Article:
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We are delighted to be able to offer a return visit to the charming former Cambrian Railway line, the Welshpool & Llanfair Light Railway, for a day of British Railways Western Region and Great Western Railway steam action in October 2018, a month before No.822 The Earl reaches the close of its current boiler certificate.
On Monday 1st October we will run with No.822 The Earl in British Railways black livery with the Railway's authentic goods train. The locomotive looked stunning in mildly weathered condition in Autumn 2015 and we are delighted that the Railway has again agreed to let us weather 822 for the first of our two days with the locomotive on our charters. To cater for all tastes, by the following morning we plan to clean the loco (not pristine, but much cleaner) for a second day with 822, again on the goods stock. We also hope to use the safety valve shield on the loco, which was prototypical for the latter years of Western Region operation. It is this era that many remember most fondly, as they can still recall the latter days of the line when the original engines and wagons trundled along the Valley in worn BR livery, which we aim to recreate.
The Railway dates back to the early years of the Twentieth Century when the only means for taking goods traffic to the Cambrian main line at Welshpool was by horse and cart. Similarly, this was the only way of bringing supplies in to the communities living in the Banwy Valley. Work began in 1901 to build a link from Llanfair Caereinion to the standard gauge main line, and the first passenger train ran in April 1903. The line was worked by the Cambrian Railway and was constructed to a gauge of two foot, six inches as this was a much cheaper alternative to standard gauge. At this time, the route ran through the town of Welshpool as far as the (still operational) main line station though this section was closed in the early 1960s when the local council decided to extend a car park in preparation for a new town bypass. The line was not hugely successful financially and struggled throughout its existence, though the two periods of war in 1914-1918 and 1939-1945 saw a rise in traffic. The Cambrian was merged into the Great Western Railway in 1923, which also ran a competing bus service; passenger trains ceased in 1931 though goods traffic would continue to run into British Railways Western Region days. The line was Nationalized on 1st January 1948 and ran up until eventual closure by British Railways in November 1956. Fortunately, that was not the end of the story as preservation efforts gained momentum in the late 1950s and the line was leased to the WLLR Preservation Company Limited in 1962. Over subsequent years, volunteers have gradually re-opened the line to the extent that we know and love today, running into a terminus at Raven Square on the outskirts of Welshpool.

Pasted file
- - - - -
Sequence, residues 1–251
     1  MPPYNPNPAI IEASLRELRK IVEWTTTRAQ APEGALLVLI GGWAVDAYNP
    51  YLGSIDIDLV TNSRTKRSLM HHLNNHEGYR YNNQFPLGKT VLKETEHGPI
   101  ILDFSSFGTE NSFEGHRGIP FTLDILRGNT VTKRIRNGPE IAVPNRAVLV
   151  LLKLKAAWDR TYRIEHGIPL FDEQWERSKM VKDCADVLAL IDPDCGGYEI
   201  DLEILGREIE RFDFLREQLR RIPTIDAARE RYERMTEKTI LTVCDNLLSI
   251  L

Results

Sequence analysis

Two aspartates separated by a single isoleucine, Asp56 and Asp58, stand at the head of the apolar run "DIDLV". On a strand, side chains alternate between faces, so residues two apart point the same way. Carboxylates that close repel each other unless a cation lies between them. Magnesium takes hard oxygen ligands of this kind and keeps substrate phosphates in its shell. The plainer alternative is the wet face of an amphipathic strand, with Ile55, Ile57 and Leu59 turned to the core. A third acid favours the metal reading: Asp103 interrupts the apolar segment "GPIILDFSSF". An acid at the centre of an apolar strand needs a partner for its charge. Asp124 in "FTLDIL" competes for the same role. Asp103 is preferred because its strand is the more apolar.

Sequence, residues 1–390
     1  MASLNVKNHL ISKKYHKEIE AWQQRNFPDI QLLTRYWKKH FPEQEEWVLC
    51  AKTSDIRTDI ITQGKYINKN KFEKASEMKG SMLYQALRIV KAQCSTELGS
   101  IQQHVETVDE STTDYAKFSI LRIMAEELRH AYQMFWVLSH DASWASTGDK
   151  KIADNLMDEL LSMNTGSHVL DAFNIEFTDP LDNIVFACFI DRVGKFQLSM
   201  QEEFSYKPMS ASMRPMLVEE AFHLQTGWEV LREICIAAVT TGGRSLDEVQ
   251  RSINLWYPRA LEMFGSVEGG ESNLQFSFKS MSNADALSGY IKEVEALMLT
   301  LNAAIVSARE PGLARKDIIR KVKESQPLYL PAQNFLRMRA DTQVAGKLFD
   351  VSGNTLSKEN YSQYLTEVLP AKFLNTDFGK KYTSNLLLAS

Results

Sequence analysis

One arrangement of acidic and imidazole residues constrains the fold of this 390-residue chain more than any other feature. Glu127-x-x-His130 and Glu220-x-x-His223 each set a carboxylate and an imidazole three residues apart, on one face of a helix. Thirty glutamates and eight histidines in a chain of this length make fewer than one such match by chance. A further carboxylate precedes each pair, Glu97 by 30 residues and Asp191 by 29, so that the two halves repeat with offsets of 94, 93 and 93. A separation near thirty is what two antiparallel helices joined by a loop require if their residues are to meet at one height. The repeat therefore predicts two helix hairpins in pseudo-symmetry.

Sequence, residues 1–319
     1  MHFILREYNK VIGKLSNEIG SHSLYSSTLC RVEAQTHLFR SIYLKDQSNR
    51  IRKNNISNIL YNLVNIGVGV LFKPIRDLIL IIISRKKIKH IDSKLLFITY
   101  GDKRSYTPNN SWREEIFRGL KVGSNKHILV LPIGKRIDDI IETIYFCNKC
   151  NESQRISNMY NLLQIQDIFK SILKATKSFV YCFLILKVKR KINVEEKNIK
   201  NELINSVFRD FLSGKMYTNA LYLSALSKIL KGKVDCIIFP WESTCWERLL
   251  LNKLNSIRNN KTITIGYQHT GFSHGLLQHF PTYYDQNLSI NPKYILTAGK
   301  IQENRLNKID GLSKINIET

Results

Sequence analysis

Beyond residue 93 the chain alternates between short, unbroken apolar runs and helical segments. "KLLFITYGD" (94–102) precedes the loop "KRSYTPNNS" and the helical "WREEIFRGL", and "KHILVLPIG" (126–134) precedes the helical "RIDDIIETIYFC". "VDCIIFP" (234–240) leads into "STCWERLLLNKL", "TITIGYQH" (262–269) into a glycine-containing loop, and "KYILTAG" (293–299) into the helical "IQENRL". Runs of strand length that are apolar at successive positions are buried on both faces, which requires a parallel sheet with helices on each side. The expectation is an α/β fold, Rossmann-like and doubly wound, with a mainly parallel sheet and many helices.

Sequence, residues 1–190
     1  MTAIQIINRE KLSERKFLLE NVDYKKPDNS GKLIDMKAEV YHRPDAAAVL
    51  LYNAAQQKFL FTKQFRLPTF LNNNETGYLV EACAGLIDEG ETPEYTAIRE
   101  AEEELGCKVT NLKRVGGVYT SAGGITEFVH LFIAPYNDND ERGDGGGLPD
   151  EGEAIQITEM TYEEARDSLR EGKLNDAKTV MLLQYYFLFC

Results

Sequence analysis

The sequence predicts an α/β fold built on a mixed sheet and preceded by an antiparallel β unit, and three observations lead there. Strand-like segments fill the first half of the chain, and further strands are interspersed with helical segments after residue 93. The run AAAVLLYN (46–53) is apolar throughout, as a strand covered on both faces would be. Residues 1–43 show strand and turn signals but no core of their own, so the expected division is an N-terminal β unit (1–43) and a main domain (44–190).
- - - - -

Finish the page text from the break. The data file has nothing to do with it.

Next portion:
Each of our days will start and finish at Llanfair Caereinion station and we will aim for an early enough start (circa 08.30) to make best use of any available light in the section to Cyfronydd first thing in the morning. We expect the prime locations to have been cleared prior to the charters and we hope to do one or two new locations as well as the more traditional favourites. Those who have visited previously will know of the exceptional hospitality and enthusiasm displayed by the staff and volunteers of the Railway that make this line well worth supporting - not to mention the beautiful rolling countryside through which the line wends its eight-mile route. We are aiming for a limited number of photographers to ensure that conditions at trackside remain comfortable for participants. The charters are timed to take place before the loop is taken out at Cyfronydd station for more major track-work this Autumn.
This will be the last time for a few years that we will be able to offer a charter event at the line using an original loco in British Railways black livery so why not join us for what promises to be a great day of narrow gauge steam action!